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Keywords:

  • electrospinning;
  • gelatin;
  • PLA;
  • skin;
  • tissue engineering

Abstract

  1. Top of page
  2. Abstract
  3. Introduction
  4. Materials and methods
  5. Results
  6. Discussion
  7. References

Repair or replacement of damaged tissues using tissue engineering technology is considered to be a fine solution for enhanced treatment of different diseases such as skin diseases. Although the nanofibers made of synthetic degradable polymers, such as polylactic acid (PLA), have been widely used in the medical field, they do not favour cellular adhesion and proliferation. To enhance cell adherence on scaffold and improve biocompatibility, the surface of PLA scaffold was modified by gelatin in our experiments. For electrospinning, PLA and gelatin were dissolved in hexafluoroisopropanol (HFIP) solvent at varying compositions (PLA:gelatin at 3:7 and 7:3). The properties of the blending nanofiber scaffold were investigated by Fourier transform infrared (FT-IR) spectroscopy and scanning electron microscopy (SEM). Modified PLA/gelatin 7/3 scaffold is more suitable for fibroblasts attachment and viability than the PLA or gelatin nanofiber alone. Thus fibroblast cultured on PLA/gelatin scaffold could be an alternative way to improve skin wound healing.


Introduction

  1. Top of page
  2. Abstract
  3. Introduction
  4. Materials and methods
  5. Results
  6. Discussion
  7. References

As the largest organ in the body, the skin is vital for survival through maintaining homeostasis, performing immune surveillance and protecting body tissues from different types of damage, including those resulting from infections and burns (Atiyeh et al., 2005). Treatment of burns with cultured skin substitutes is now routine, but has been limited by poor engraftment and scarring. Tissue engineering implantation with suitable cells, such as fibroblasts and keratinocytes, are desirable to promote tissue regeneration (Wu and Ding, 2005; Tangsadthakun et al., 2007; Heunis and Dicks, 2010). It is a simple and effective technique widely used for generating biological tissue to repair, replace or maintain the function of defective or damaged tissues (Liu et al., 2010). In this regard, scaffolding materials can be used for cell attachment, proliferation, differentiation and new tissue generation. An ideal scaffold should have optimal mechanical strength, non-toxic degradation products, biodegradability and, most importantly, excellent biocompatibility (Mei et al., 2005, 2010; Xie et al., 2009). One of the best methods for ideal scaffold synthesis is electrospinning (Meng et al., 2010; Wang et al., 2012). This is a low-cost, novel and simple technique (Xu et al., 2011) for generating extremely long fibers with diameters on both the micro- and nanoscale (Yim and Leong, 2005; Baharvand et al., 2006; Hashemi et al., 2009). Various synthetic polymers have been utilised, among which polylactic acid (PLA) has many advantages and considerable potential.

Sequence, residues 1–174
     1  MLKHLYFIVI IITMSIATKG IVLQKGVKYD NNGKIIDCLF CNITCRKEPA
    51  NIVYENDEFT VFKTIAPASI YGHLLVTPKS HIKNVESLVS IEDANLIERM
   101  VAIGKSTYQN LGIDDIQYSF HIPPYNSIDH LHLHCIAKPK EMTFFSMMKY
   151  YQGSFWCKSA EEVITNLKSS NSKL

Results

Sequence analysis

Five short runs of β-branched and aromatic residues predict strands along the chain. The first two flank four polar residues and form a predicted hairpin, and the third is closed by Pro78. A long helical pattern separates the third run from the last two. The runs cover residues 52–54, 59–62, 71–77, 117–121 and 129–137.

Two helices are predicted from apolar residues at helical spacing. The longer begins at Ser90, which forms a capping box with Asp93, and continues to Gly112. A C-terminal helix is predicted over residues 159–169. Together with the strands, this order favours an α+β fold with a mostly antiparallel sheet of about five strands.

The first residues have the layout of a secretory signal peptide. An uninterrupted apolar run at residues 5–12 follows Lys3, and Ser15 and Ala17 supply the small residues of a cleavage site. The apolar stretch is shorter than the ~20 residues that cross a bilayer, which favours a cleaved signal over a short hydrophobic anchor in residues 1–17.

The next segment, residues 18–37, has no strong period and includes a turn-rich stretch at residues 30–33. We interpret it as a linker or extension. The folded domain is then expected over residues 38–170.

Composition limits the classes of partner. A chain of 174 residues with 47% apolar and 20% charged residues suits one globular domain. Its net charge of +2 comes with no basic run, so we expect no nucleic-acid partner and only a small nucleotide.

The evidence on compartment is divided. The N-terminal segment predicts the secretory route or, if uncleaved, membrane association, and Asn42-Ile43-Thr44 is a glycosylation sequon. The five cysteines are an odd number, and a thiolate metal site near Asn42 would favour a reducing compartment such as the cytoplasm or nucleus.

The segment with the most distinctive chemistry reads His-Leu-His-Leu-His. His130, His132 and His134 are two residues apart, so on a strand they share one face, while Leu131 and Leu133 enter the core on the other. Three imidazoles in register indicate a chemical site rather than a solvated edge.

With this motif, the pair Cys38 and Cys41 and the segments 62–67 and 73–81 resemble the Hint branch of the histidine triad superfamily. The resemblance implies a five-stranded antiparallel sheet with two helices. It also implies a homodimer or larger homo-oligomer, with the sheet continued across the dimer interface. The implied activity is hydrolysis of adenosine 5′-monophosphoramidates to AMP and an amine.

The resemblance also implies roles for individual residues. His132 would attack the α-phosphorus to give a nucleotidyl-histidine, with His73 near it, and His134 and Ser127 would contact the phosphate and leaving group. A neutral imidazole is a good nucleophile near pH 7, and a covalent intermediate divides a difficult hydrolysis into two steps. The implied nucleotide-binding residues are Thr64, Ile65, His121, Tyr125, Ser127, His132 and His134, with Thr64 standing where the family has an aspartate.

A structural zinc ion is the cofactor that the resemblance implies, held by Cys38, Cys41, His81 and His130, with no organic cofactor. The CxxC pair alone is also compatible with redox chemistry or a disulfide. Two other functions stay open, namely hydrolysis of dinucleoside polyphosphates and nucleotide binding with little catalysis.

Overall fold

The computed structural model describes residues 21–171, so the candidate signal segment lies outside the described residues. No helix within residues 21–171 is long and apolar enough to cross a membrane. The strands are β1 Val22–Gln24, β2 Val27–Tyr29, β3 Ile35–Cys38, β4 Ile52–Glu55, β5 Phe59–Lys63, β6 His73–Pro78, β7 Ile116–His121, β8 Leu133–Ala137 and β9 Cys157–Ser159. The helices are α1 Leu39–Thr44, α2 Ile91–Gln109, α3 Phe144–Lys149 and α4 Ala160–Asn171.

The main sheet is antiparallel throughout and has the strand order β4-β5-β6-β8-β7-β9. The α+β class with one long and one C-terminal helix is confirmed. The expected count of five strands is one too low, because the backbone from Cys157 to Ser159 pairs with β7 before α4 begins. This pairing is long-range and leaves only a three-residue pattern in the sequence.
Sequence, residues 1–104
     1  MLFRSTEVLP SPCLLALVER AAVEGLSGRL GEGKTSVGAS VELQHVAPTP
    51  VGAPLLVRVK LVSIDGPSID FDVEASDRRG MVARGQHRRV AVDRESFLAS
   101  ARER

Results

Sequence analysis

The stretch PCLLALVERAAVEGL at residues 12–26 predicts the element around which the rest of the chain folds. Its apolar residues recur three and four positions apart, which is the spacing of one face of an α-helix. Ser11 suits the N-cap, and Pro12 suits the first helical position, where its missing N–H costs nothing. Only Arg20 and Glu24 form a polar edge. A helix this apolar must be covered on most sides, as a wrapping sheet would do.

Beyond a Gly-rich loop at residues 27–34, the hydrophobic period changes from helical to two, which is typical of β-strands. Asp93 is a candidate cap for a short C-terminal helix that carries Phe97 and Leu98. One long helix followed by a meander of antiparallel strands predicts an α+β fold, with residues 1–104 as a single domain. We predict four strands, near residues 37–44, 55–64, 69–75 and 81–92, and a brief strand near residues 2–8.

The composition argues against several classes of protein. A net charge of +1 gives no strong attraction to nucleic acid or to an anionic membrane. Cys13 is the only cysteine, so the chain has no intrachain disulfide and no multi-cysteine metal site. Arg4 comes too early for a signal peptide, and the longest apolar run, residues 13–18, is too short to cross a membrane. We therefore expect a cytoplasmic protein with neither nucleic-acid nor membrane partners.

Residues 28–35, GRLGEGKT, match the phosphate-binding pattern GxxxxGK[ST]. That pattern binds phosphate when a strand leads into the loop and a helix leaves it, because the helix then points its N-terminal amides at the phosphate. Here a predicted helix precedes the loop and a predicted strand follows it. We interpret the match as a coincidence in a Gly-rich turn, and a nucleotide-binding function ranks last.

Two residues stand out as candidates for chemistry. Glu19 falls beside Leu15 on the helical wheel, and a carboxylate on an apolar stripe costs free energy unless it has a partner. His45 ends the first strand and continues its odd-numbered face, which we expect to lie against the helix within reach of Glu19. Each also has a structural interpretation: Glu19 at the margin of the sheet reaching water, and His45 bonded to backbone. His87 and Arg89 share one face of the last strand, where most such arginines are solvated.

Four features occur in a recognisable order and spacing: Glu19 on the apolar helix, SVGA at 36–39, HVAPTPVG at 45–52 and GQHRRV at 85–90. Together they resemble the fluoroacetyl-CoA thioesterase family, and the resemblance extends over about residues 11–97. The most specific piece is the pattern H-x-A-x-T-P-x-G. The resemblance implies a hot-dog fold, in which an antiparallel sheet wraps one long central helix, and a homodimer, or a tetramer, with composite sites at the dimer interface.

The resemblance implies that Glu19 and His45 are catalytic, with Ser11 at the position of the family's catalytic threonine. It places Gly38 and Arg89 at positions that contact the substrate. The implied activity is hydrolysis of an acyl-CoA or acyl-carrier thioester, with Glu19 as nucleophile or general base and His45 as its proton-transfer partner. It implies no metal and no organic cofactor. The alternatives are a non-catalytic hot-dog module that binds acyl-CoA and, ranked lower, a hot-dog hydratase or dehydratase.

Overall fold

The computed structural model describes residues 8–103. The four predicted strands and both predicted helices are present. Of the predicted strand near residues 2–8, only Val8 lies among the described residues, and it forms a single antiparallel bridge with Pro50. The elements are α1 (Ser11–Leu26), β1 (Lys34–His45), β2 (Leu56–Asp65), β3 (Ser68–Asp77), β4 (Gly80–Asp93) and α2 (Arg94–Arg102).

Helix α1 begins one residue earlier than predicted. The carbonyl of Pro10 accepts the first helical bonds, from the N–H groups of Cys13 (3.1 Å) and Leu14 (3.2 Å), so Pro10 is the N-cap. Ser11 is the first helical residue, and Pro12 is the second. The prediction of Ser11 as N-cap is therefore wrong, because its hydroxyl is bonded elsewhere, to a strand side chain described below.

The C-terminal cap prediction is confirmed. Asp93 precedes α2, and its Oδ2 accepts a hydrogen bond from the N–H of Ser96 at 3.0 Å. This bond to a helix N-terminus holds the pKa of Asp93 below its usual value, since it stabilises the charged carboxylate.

Many methods on surface modification and hydrophilicity of scaffolds have been employed to improve cellular adhesion (Zhang et al., 2005; Kim et al., 2008; Meng et al., 2010; Wang et al., 2013). Modification of synthetic materials with natural products is one of the most effective methods (Chen, 2005; Mei et al., 2005; Ghasemi-Mobarakeh et al., 2009; Xu et al., 2011; Browning et al., 2011; Xing et al., 2013). Gelatin promotes cell differentiation, proliferation and adhesion; it also has good biocompatibility and biodegradation. Gelatin is used because it mimics natural extracellular matrix (ECM) architecture and is cheap (Ma et al., 2003; Tangsadthakun et al., 2007; Kanokpanont et al., 2007; Gui-Bo et al., 2010; Meng et al., 2010; Wang et al., 2012). In this study, pure PLA, pure gelatin and PLA/gelatin were directly dissolved in hexafluoroisopropanol (HFIP) before nanofibers were synthesised by electrospinning. The method optimises the hydrophilicity and cellular affinity using the gelatin/PLA blending scaffold coated with matrigel. Fibroblast cultured scaffolds were implanted in the wound area.

Materials and methods

  1. Top of page
  2. Abstract
  3. Introduction
  4. Materials and methods
  5. Results
  6. Discussion
  7. References

Materials

PLA, gelatin and HFIP were purchased from Sigma. The human embryonic fibroblasts (STO) were obtained from Iran Pasteur Institute, Tehran. The culture media was Dulbecco's Modified Eagle's Medium (DMEM, Gibco, Carlsbad, CA, USA) supplemented with 10% (V/V) heat-inactivated fetal bovine serum (FBS, Gibco), 100 U/mL penicillin and 100 mg/mL streptomycin (Gibco). Other reagents used included EGF, FGFb were purchased from Gibco; 0.25% trypsinase and 3-(4,5-dimethylthiazol-2-yl)-diphenyltetrazolium bromide (MTT) were purchased from Sigma Company.

Electrospinning and preparation of the scaffold